I walked the high desert ranch roads, dodging
tusked javelina, coming upon families of pronghorn,
watching the seasons let loose greens and yellows--and the cream-colored
blossoms of the Spanish Daggers. And the heavy blue
sky held my body like a limitless lover.
Far West Texas, a kind of heaven, a place
pouring light in through the top of my head,
descending faster than the tequila shaken with sugar that I'd order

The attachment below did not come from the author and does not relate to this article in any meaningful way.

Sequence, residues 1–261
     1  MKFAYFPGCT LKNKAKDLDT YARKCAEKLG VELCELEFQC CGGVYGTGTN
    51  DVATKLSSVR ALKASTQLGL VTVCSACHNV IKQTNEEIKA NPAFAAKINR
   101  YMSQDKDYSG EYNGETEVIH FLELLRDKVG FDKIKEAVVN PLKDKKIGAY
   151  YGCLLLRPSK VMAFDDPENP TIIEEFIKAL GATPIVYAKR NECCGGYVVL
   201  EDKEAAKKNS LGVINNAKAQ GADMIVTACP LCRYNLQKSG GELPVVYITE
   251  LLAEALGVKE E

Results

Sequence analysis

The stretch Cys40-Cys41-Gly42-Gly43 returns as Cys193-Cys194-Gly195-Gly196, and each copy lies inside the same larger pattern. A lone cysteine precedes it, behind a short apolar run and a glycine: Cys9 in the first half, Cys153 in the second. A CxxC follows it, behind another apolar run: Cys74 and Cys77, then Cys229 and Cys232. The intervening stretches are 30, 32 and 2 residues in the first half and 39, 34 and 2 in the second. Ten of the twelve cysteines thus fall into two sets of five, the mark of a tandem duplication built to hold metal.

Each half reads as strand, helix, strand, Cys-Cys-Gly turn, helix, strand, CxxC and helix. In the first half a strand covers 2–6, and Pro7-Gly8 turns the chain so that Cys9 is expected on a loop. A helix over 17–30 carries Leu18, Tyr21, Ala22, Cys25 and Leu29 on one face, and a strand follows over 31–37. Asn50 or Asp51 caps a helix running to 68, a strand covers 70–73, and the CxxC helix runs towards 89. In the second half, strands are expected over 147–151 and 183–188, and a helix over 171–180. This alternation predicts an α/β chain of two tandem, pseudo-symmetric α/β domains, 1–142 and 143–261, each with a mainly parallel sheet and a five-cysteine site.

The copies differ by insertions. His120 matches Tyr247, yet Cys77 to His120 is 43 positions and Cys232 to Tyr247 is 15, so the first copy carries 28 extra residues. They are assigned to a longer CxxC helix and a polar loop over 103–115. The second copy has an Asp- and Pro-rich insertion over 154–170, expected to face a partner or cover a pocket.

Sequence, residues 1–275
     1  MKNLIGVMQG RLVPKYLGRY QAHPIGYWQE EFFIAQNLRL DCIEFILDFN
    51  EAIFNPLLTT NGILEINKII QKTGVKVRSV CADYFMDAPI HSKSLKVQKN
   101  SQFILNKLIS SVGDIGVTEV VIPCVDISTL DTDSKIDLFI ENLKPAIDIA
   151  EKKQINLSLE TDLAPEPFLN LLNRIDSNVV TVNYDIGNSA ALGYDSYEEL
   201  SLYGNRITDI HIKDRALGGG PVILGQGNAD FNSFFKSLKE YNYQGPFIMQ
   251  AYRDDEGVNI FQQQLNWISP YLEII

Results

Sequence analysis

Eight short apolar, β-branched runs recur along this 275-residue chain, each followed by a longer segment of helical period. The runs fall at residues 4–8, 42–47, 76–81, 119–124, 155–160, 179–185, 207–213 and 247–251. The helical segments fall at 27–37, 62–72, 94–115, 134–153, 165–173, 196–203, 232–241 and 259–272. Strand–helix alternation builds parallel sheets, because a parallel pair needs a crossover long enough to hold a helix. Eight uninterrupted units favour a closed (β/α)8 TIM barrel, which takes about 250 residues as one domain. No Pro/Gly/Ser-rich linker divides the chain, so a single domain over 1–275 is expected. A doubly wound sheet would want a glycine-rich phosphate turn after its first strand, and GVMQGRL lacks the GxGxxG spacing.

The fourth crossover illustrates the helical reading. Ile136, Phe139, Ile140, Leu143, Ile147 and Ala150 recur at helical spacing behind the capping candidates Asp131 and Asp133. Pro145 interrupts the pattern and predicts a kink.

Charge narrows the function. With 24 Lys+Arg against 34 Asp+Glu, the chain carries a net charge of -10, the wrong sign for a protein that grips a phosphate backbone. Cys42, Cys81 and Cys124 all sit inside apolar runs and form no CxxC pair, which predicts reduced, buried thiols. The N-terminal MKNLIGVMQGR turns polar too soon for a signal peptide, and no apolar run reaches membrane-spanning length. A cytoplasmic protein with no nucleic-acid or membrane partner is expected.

at 5, when the bar opened its doors, and soon the doors of my body
busted open at their hinges, and the men knew me
only from the darkest region of their blackouts. I lost out on so many
glorious daybreaks, under sheets and trembling. Then by noon, the ranch
roads calling, and I'd search for God again who persistently pressed.
Finally, I'd fall far enough, wake with a mouthful of light.